Royal Naval Auxiliary Service (RNXS) emergency port control for the Medway estuary was located at Garrison Point Fort in Sheerness Docks. In times of nuclear war these port emergency centres would have directed all major shipping out of a danger area and arranged access to and from ports for friendly vessels. The RNXS was set up in 1964 and the ‘bunker’ at Sheerness dates from around this time. It was established within the old magazines at the Victorian Garrison Point Fort within Sheerness Docks.
The fort occupies the extreme point of land at the north of the docks and it was designed to protect the narrow entrance of the Medway between Garrison Point and the Isle of Grain 800 yards away on the opposite side of the estuary. The fort was fully armed by 1872 with a mixture of 9" and 10" rifled muzzle loading (RML) guns in the casemates with 44 guns on two levels. It was rearmed during the first and second world wars and post war the lower casemates were used for storage and coastguard facilities and now house the Medway Ports office. A boarding tunnel for continental ferries (no longer running) passes through the upper casemates blocking them off. Following the formation of the RNXS a section of the lower casemates and the magazines below were converted into a bunker to house the port control.
Access to the bunker is through an ordinary wooden door, from a covered way off the fort parade ground. Just outside the door is a small brick building containing the standby generator. The door opens directly into an office to the left is the galley, straight ahead is the canteen/rest room and to the right the toilets. The galley still retains a stainless steel sink and draining board, food preparation surface, cupboards and a counter below the serving hatch into the rest room. The office and the canteen are empty although there are some remnants of the original use for the room as a gun casemate with chains on the walls. To the right of the office are the male and female toilets within another casemate and close by is the filter room which only consists of is one filter in the ventilation trunking.
An original stone spiral staircase gives access to the lower level of the bunker in the magazines. A section of the circular passage around the fort has been walled off, this includes a section of the circular narrow lighting passage that runs round the back of the magazines. (In a Victorian fort a lighting passage would contain glazed windows into the magazines where an oil lamp could be placed. This would throw light into the magazine but the glass would stop the flame igniting the powder stored in the magazine). At the bottom of the staircase the old magazines left and right have been converted into the bunker. All the rooms were completely stripped when the bunker closed in 1992 and all that is left is the ventilation trunking running into each of the rooms. The power is still on in most of the rooms and corridors although the tunnels are damp with mould on the carpets.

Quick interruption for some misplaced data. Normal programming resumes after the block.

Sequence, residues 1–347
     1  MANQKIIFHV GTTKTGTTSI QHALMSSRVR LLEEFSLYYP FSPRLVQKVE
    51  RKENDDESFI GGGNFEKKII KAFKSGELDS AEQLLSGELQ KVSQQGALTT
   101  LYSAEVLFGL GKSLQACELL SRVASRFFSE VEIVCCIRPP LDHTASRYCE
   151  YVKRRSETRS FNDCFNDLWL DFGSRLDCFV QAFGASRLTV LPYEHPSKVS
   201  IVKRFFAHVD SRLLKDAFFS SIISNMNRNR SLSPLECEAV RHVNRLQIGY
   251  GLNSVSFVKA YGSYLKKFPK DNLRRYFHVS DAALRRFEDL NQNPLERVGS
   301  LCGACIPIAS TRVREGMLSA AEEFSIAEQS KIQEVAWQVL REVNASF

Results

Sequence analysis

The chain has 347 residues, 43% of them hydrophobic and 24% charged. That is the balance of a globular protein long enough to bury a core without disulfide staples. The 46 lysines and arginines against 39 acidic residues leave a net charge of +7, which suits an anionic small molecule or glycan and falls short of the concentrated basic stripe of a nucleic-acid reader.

At one end of the main curved corridor are emergency exit stairs back up to the parade ground and another corridor linking to the lighting passage. There are two rooms to the left of this corridor, the first was the ‘radio room’ and the second room was the ‘teleprinter room’ which is accessed through a small lobby. On the wall of the lobby is a cabinet containing two interference capacitors which would have given the wiring EMP protection.
On the opposite side of this corridor is one of two entrances into the ‘control room’ which is ‘T’ shaped with one of the arms of the ‘T’ much shorter than the other. The back wall is painted black. This is where the maps would have been displayed and there is fluorescent lighting angled on to this wall.
Back in the main corridor there is a second entrance into the control room. Other rooms accessed from this corridor include an armoury, staff officers room, workshop, training room and a communications room for DEFPA (Defence of Ports and Anchorage’s) controlling the defence of the ports with a direct line to Eastern Command. At the far end of the main corridor is a second corridor linking to the lighting passage with one room on the left hand side.
Access to the rest of the old magazines within the fort has been blocked as have two shafts up to the casemates which contained ammunition lifts. One of these shafts have been used to run cables. All the windows in the lighting passage have also been bricked up although there is a recess in one wall that would have housed a lamp for lighting the passage itself.
Those taking part in the visit were Nick Catford, Keith Ward, Bob Jenner, David Mapley and Robin Ware.